Best Affordable Pilot Watches

Parnis Flieger

The Parnis Flieger is one of the few true fliegers on a budget. The design is a spot-on representation of a classic pilot watch: a large, clear dial, sword-shaped hands, and big legible Arabic indices (watch speak for numbers, as opposed to Roman numerals or tick marks). This manual-winding watch has a large, easy-to-operate crown and a unique seconds sub-dial at the 9 o'clock position. As far as affordable pilot watches go, this may be your best bet.

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Orient Flight

Orient has earned a reputation for producing quality watches at an affordable price point. And their entry into the pilot watch category, the Flight, is no exception. It has all the vintage looks of a flieger with a few modernized updates. The navy blue dial is a slight step away from the traditional pilot watch, but you still get the triangular “12” marker, legible sword-shaped hands, and stainless steel construction.

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Seiko Flightmaster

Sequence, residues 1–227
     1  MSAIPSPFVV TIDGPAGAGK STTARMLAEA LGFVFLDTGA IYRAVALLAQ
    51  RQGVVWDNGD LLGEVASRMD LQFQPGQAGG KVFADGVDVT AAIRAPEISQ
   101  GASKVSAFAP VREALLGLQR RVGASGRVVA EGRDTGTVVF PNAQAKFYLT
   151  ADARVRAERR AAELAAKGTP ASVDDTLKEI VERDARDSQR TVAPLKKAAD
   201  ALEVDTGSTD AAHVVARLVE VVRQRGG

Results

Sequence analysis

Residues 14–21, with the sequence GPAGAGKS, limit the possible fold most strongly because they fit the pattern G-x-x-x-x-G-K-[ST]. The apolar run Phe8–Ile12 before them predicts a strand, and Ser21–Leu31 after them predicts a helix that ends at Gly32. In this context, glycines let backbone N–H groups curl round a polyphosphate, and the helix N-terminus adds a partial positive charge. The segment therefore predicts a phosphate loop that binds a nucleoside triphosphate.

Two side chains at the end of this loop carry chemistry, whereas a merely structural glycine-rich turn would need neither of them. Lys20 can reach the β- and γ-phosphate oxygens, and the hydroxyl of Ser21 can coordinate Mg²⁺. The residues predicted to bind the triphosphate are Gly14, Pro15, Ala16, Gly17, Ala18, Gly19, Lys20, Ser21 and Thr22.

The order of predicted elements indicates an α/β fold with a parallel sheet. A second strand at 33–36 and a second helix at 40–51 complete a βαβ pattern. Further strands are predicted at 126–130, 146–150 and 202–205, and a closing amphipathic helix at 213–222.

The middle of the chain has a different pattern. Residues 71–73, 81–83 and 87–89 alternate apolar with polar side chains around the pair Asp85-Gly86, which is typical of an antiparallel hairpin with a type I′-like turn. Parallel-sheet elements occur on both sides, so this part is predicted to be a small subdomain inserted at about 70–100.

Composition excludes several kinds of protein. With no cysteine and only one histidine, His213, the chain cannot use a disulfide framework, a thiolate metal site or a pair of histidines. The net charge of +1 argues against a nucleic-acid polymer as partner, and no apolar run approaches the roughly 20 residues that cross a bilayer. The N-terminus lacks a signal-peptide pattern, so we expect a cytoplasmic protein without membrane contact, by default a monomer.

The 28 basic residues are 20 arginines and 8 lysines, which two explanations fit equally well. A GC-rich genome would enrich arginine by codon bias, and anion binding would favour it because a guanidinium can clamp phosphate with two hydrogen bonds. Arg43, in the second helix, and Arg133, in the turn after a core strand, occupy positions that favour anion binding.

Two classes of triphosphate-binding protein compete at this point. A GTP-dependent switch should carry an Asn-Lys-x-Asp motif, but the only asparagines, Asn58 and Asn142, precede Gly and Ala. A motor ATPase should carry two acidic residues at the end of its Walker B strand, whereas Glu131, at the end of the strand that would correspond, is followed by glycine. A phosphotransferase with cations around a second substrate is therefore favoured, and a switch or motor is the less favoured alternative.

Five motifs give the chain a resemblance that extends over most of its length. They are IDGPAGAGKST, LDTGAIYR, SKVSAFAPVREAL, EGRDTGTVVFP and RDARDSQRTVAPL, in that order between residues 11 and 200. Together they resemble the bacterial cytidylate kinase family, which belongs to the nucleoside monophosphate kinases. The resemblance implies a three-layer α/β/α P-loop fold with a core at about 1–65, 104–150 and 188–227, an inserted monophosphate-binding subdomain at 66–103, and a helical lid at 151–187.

Some pilot watches, like the Seiko Flightmaster, don't follow the traditionally pared down dial design of a classic flieger model. Instead, the Flightmaster trades some legibility for more information, like calculating speed, flight time, and other metrics thanks to its integrated slide rule system. Although it's busy, you'll appreciate the chronograph function and interesting aesthetic.

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Citizen Nighthawk

Another popular pilot watch amongst the EDC crowd is the Citizen Nighthawk. This Eco-Drive powered watch is charged via an internal solar cell so it always stays ticking. Similar to the Seiko Flightmaster, the Nighthawk has a slide rule bezel for calcuations. The stainless steel construction, impressive water resistance, and aggressive black, white, and red accents make for a watch worthy of the rest of your EDC.

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Best Mid-Range Pilot Watches Under $500

Maratac Mid Pilot